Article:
We collaborated with Geyer interior architects to create a new ecosystem
Within Two and Three International Towers, a vibrant community of connected enterprises was being developed within a highly innovative commercial ‘ecosystem’.
Well over a year in the planning, and in collaboration with leading Australian interior architects Geyer, the unique workplace community model has been designed to support highly flexible, agile and collaborative working in a collective environment that fosters wellbeing and creativity.
At the heart of the model is the concept of curation – in terms of design, services and tenancy. Bringing together diverse organisations with aligned values, including a commitment to innovation, sustainability and community, creates profoundly unique opportunities for collaboration and knowledge sharing. In the process, a culture of innovation is cultivated throughout the entire community.
The workspaces have been designed to allow organisations the flexibility to expand and contract easily and efficiently as their business requires. A ‘tenancy kit’ of curated, bespoke workspaces allow teams to move beyond their core space into areas created to accelerate productivity, creativity and professional bumping between teams and organisations. These spaces include contemporary communal spaces, open areas for working and social bumping, high-tech meeting and workshop rooms, transparent activity rooms, and a unique, shared stairway between floors and tenancies – named the ‘companionway’ – which will provide opportunities for shared interactions and special events.
“This is a uniquely curated working community supported by an environment designed to inspire and optimise new and often unexpected enterprise experiences,” says Robyn Lindsey, Partner, Geyer. “The design along with a strong values-based community culture that will develop out of interactivity, will bring together different organisations, their teams and individuals, inspiring new opportunities that can enhance business development, performance and personal growth and reward. It will provide tenants with enviable attraction for new and top talent and enrichment opportunities for their own cultures as it is laced with a design approach that builds on wellbeing practices and outcomes”.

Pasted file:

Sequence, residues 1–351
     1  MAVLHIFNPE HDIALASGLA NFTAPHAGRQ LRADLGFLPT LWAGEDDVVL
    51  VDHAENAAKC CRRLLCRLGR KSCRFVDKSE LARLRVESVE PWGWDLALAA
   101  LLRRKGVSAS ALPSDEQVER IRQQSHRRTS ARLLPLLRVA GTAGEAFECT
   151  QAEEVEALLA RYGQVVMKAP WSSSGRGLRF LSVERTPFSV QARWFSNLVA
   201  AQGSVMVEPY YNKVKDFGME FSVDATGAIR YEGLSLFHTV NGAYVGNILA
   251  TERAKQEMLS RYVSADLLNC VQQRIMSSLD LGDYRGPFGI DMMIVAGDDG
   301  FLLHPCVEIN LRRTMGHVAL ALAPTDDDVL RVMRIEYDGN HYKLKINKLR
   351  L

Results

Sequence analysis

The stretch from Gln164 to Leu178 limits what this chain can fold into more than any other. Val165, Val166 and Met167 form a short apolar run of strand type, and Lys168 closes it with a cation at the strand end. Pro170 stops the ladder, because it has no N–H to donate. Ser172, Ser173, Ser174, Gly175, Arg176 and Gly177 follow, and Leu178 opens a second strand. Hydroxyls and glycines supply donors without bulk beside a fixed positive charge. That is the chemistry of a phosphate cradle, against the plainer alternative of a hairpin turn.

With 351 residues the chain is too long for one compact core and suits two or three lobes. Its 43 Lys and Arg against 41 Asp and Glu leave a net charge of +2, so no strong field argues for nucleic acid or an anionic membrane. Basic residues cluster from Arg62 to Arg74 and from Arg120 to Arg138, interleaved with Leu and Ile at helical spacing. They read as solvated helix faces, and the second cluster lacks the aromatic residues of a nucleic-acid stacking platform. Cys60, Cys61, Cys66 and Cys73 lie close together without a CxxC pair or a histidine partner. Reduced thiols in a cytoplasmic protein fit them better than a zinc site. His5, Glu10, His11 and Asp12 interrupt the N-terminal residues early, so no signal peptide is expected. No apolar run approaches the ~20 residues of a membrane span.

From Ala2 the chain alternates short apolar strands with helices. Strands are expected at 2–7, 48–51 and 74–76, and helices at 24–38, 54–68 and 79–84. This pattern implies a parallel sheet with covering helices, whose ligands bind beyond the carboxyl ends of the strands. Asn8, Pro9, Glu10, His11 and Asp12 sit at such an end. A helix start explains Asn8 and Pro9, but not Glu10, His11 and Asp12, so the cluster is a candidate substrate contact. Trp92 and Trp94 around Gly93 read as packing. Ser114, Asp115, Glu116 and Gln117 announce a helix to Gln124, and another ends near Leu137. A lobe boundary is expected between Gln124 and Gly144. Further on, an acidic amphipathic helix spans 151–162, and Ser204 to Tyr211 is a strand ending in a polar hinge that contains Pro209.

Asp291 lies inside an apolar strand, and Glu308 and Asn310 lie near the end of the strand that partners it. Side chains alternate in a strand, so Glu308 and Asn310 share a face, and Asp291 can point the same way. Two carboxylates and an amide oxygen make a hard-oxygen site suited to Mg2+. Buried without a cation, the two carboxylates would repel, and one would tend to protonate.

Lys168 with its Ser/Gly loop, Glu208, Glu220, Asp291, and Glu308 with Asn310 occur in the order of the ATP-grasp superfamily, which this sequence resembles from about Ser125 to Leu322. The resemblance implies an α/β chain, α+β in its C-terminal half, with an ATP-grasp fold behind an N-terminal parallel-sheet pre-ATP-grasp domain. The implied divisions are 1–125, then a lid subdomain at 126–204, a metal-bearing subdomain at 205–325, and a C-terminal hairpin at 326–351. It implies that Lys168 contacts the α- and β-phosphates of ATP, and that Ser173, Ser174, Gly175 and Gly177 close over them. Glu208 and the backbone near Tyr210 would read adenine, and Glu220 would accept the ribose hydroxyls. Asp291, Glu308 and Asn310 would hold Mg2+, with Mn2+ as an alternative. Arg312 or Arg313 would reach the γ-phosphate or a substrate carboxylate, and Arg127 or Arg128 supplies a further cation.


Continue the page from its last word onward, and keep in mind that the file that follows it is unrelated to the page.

Supporting this ecosystem is an architectural framework created to deliver egalitarian access to natural light and views, enhancing worker wellbeing, along with a strong service culture within the buildings, based on access to advanced technology, trained support staff and concierge, and a curated program of year-round events which offer unique opportunities for education and networking for the community.
Two organisations have already joined the curated innovation community at International Towers – sustainability specialists Green Building Council of Australia, and the indigenous reconciliation movement, Recognise – and announcements of new tenant partners will be made in the coming months.
As Australia moves to position itself at a global leader in innovation, the availability of workspaces that support high-performance cultures, community collaboration and innovative thinking are essential. Says Tony Byrne, General Manager, International Towers: “We are aiming to create a knowledge sharing environment and community which has some of the buzz and social elements of an open university campus. We believe the positive impact of these elements on people’s sense of belonging, wellbeing and happiness at work can be hugely significant.”